Okay. Write to ramalley@student.umass.edu Yes, I write every day, right now. I'm on vacation for almost a month. During the semester, I find it very difficult to get anything done, because I use it up with teaching. It's a new job, however, and as I get used to it I am sure I will get into the habit again. I wax romantic, sometimes, about my days in the MFA program because I was single and not obliged to share my time and space with anyone. I was lonely as hell but very focused on writing, whereas now I'm quite content and less focused. There's a balance, I'm sure, and I hope to strike it someday soon. I do not, however, subscribe to the idea that creativity (productive creativity) depends on suffering. I'm not sure what kind of stuff I write, how to classify it. People have told me it's spooky and weird. I like to create characters who have lost something and are responding in an interesting way to that loss. Who channel their anger at the loss in genuinely creative ways. For example, I have a short story about a family whose oldest daughter was kidnapped, simply disappeared on the train tracks one day. In the story the family gets drunk on Christmas Eve at an aunt's house, and the narrator hallucinates her sister's return. I love gothic novels, so I suppose what I write is contemporary gothic. I'll look for you on e-mail.

  8. #28
    Bobbe Dabling
    Guest

    Welll...?

    Ahem. Excuse me, Karenann and Hank, but I was hoping you could continue your conversation here. I enjoyed it. Karenann, I suppose being published isn't the most important aspect of being a writer. Being published, I guess, is more an attitude. As for me, I'm published, but as a journalist. I've worked as a journalist for so long, that I can't write *fiction*. Hank, I'm also a prolific writer, probably from working so many years on deadline. I began working as a journalist so that I could go fulltime as a writer, as Jim McDonald has done. Instead, my work as a journalist now makes me feel guilty when I have to fudge on facts, even when writing creative essays. Arghhh. As for being a good writer, I'm not so sure. I don't *have* to write. I usually write for a living. So as a freelancer, I'm finding it hard to stay on one project until I'm done. Ah well. It's discipline, I know, I know. And that brings me to the reason I've stopped by: I need some people demanding and checking up on me--a virtual newsroom, if you will. (Doesn't that sound pretentious?) And Karenann, I now teach for a living, too. And I used to think writing for daily newspapers and wire services had pressure... Anyone want to act as my boss? I've got a great project that really does need to be finished. It's past the start stage, but bogging down now that it's in the clean up stage. I'll check back. One more thing: I can't pay this *boss* for his/her job, so it would be strictly for the thrills of beating up on some slacker hack (moi), One more thing: I, too, write daily, but when I really should be writing, I turn to diversions such as this discussion group. Which brings me back, once again, to my search for a *boss.* Cheers.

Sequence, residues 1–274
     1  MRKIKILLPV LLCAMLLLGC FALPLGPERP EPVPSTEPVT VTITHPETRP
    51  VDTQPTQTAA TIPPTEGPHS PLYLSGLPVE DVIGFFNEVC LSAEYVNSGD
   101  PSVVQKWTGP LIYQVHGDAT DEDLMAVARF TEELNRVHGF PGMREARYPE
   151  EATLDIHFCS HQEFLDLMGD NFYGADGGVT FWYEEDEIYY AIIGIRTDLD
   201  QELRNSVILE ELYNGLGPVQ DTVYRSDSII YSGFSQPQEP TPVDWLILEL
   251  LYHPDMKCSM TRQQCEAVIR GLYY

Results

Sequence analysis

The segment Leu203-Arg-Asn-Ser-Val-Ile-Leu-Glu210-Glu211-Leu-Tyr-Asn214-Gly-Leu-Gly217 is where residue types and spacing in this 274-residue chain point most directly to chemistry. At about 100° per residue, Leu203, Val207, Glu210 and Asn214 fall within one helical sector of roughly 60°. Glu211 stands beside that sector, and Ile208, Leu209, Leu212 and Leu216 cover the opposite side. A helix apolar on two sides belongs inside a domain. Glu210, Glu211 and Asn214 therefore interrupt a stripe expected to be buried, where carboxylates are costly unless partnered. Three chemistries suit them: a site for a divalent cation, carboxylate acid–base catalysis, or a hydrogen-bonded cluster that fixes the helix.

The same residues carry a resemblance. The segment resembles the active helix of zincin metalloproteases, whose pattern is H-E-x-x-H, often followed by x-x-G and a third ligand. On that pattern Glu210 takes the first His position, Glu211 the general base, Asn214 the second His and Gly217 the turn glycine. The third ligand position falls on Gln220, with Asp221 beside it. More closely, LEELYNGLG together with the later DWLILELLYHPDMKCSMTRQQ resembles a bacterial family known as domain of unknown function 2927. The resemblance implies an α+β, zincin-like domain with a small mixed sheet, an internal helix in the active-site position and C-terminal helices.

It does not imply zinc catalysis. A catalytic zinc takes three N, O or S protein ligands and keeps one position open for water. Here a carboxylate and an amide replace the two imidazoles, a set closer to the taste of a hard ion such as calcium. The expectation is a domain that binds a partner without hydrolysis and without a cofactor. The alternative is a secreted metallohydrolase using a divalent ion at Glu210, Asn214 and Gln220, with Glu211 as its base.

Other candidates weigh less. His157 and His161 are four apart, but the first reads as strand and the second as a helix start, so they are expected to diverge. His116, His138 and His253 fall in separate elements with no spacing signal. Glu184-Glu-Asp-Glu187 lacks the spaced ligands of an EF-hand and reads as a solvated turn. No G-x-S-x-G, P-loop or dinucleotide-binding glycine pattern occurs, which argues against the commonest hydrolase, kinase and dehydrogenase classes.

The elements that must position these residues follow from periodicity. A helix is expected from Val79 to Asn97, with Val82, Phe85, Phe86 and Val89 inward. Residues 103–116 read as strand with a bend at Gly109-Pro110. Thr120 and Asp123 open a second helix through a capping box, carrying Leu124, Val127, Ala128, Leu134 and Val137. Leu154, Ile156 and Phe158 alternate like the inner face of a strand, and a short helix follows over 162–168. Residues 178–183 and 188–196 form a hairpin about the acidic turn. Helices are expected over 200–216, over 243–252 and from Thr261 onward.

9. #29
    Patrick O
    Guest

    Welll...?

    Bobbe Dabling: I'll help boss you around, but for a boss-in-return fee. I started a book last week . . . wrote 14 pages just like that. Finished my outline. Jotted chapter notes. And then I boarded the Internet and it's been downtime-city ever since. Your open plea to Hank and Karenann was just what I needed to spur me back to Word Perfect. As soon as I check one more writers.net folders, I'm telling everyone to leave my studio so I can get back to the business of writing. I can relate to the journalism/fiction dilemma, but in a slightly different way. I spent several years doing the political and crime beats for a large county and I can't tell you how many times I found my colleagues engaging in some fiction of their own. Now: Clean up your act by cleaning up your project. Drudgery can be good for the spirit. Self-editing is one of the toughest jobs we writers have because it means we must be ruthless to ourselves. You can do it. You will do it. And, what's more, you'll do it well.

  10. #30
    Myrina McCullough
    Guest

    Welll...?

    I came in here looking for a list of actual writer's groups in the Washington D.C. metropolitan area. Your discussions, though, are interesting in that the participants would probably not participate in a writer's group and cover a broader, more colorful group of writers. Still, I will keep looking for my people-to-people group.